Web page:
“Elise was released after 72 hours with no follow-up treatment.”
Elise’s suicide attempt terrified the Johns, just as they’d been terrified when an older brother of Elise “went from hospital to hospital,” Paula said.
But her brother had become ill as a boy, when family members could involve themselves in his treatment. However, his treatment highlighted another problem: Harry John, Erica’s husband and the boy’s father, was an eccentric heir of the Miller Brewing Co. fortune; anonymously, he made huge contributions to worthy causes, but his idiosyncrasies and bizarre behavior ruined his marriage, baffled the city and the Catholic Church and ran his charitable De Rance Foundation into the ground.
When the Johns’ son became ill, “we couldn’t get him help right away because Harry didn’t believe in psychiatry,” Erica John said. “Harry said, `(The boy) doesn’t need a psychiatrist, he needs a priest.’ ”
Harry John wanted exorcism, but Erica John and the Catholic Church wouldn’t permit it.
Eulogy by Marie John: “I have two other sisters, Paula and Emily, who have taught me so much about being an intelligent and sophisticated girl, but it was Elise who taught me to have fun. She taught me how to eat an ice cream cone when it was dripping all over me. We shared a bedroom for many years, and she would read to me every night. . . . She would take my hands in hers and tell me stories.”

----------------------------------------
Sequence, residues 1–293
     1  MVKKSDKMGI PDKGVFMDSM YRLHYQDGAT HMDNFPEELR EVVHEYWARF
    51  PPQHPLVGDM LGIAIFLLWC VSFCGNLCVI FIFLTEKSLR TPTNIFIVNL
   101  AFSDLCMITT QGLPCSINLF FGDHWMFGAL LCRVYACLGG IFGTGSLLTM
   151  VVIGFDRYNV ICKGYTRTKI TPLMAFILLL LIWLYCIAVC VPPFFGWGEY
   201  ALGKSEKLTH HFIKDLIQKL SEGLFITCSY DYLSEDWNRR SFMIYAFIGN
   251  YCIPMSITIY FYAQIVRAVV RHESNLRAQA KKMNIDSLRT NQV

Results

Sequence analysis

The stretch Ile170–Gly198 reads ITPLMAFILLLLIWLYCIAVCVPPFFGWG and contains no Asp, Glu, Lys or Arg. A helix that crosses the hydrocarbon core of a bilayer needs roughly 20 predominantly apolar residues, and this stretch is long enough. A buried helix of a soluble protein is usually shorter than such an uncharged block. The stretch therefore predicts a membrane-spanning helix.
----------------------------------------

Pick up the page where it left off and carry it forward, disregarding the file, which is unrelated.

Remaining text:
In 1994, Elise graduated from Marquette University with a degree in psychology and moved to Boston. She wanted a career helping people, and she worked with abused women in the Asian community.
She began acting strangely again, scared her mother with her ramblings and delusions, and her mother tried to get her help. Then an acquaintance of Elise telephoned Erica John. Elise was hospitalized after being found nearly catatonic.
Erica and Paula John went to Boston. They held Elise. Kissed her. Soothed her.
“We still didn’t know her diagnosis,” Paula John said.
Privacy, they were told: Elise might kill herself, but we can’t tell you how to stop her from doing it.
After a lot of talk and tears, Elise agreed to come home. When Paula John went to Boston to help with the move back here, she discovered that Elise — a member of a family that had controlled millions of dollars — had been living in a homeless shelter.
In Milwaukee, family members tried to get her the help they had gotten her brother. They got her involved with the Grand Avenue Club, a marvelous downtown organization for people with mental illnesses. Club officials had helped the brother find work, and they helped ease Elise back, too, with transitional employment. She ran errands for Foley & Lardner, a large legal firm.